# How can induction be used to prove binary search is correct?

I'm having trouble understanding how to find an invariant to check if it's preserved, and generally how induction is used in proving the correctness of algorithms (binary search primarily, but others as well).

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This is my interpretation of how to answer the question (perhaps there are others).

In binary search, we search a sorted list $L$ for an element $x$. The invariant that is preserved by binary search is the truth value of the statement "$x$ is in $L$".

In each iteration, we compare $x$ with a middle element $m$ of the list $L$.

1. If $L$ is empty, then "$x$ is in $L$" is false.
2. If $x=m$, then "$x$ is in $L$" is true.
3. If $x<m$ then we perform binary search on a new sorted list formed by the elements in $L$ that are less than $m$.
4. If $x>m$ then we perform binary search on a new sorted list formed by the elements in $L$ that are greater than $m$.

So to prove binary search is correct, we need to check that the truth value of "$x$ is in $L$" is preserved by 3. to 4. above. (1. and 2. form the base cases; there are actually infinitely many of them, but they're true by definition.)

We should also note that 3. and 4. both reduce the size of $L$ (which is why induction applies).

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An invariant is a predicate that is provably true at certain places in your algorithm, and is meaningful for what the algorithm is meant to accomplish.

In this case, it must be true before each iteration of the loop (or, equivalently, just prior to each recursive function call, if that's your thing). And it must also be true after the loop terminates. (More technically, you must prove that it is true before the first iteration, and if it true before any iteration then it will still be true after that iteration.)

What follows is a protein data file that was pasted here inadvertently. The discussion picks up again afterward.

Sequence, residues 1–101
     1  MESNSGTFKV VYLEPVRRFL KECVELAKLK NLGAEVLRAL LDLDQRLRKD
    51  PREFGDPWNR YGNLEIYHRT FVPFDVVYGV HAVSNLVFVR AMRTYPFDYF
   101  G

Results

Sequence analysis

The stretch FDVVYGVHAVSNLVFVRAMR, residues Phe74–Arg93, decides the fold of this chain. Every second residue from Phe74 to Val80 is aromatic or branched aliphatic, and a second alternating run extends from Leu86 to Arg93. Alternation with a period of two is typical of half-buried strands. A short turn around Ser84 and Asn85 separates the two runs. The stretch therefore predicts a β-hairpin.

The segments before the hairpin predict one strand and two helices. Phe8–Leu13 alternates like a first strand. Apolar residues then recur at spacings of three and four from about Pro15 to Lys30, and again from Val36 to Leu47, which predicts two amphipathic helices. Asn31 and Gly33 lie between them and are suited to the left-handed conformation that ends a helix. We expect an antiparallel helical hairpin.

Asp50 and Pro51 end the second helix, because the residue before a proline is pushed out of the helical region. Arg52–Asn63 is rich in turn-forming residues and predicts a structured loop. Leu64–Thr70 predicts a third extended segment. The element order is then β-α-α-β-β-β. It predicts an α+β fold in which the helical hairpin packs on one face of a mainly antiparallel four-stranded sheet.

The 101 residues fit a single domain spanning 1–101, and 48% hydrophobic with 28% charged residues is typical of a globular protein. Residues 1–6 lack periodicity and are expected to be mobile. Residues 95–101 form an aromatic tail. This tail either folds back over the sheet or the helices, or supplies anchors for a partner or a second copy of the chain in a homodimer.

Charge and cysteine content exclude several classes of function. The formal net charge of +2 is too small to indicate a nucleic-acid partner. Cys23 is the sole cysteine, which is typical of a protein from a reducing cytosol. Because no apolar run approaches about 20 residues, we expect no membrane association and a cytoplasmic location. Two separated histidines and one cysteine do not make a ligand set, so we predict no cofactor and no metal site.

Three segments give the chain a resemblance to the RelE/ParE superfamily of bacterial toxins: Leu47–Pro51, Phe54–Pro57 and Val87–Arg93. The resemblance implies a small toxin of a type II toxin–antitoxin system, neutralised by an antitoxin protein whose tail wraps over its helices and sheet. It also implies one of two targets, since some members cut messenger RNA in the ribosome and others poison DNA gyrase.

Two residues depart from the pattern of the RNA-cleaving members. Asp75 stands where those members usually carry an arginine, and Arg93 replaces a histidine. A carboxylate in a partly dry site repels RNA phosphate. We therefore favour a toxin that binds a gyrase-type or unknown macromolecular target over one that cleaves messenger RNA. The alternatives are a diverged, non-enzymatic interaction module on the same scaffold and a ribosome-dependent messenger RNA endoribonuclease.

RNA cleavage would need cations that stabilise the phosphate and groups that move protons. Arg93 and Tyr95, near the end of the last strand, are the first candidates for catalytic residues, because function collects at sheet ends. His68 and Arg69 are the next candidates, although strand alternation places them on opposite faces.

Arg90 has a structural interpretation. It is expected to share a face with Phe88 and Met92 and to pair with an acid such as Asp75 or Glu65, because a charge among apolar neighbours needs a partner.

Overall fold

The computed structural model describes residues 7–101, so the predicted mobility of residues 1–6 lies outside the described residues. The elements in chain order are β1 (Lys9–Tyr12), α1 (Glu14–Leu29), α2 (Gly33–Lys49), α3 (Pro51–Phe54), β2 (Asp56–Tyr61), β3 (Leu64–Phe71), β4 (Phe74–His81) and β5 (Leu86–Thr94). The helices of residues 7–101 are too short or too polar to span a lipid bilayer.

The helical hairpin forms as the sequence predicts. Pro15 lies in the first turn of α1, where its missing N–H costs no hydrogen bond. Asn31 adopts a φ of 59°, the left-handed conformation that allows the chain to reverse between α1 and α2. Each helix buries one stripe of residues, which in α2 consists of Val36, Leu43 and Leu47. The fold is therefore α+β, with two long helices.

The part that really drives the selection of an invariant is an understanding of what it is that the algorithm is meant to accomplish. For example, in a binary search of an ordered array we want to get the index of a particular item, or a signal that the item is not in the array. So we have an array $A$ and a value $v$ that is being sought. So our final goal is to find a number $i$ so that $$A[i] = v$$ when the algorithm terminates.

There are a couple of reasons why this doesn't work as a loop invariant. First, it ignores the condition for when the value isn't in the array. This could be handled by a separate case, if we wanted to. But the other problem with this is that it is not true at the beginning of every iteration. It is only true at the very end. So that won't work.

So what is true at every iteration? The key feature of a binary search is that we have an ever-narrowing range of values in the array which could contain the answer. This range is bounded by a high value $h$ and a low value $l$. For example, $$A[l] \le v \le A[h]$$ contains the key piece of what is always true in a binary search. But that isn't really enough to prove that the algorithm is correct. We also have to make sure that it will terminate at some point. So for each iteration $t$ we also have $$h_{t} - l_{t} < h_{t-1} - l_{t-1}$$ meaning that the subrange under consideration gets smaller at each iteration. From this you can show by induction that the loop will terminate.

Each of these conditions should be easy to prove from your code (with the initial conditions $A[x] < A[j] \iff x < j, l = 0, h = |A| - 1$ etc.). Then you can easily prove at the end (when $h = l$) that $A[h] = v \iff v \in A$ or whatever.

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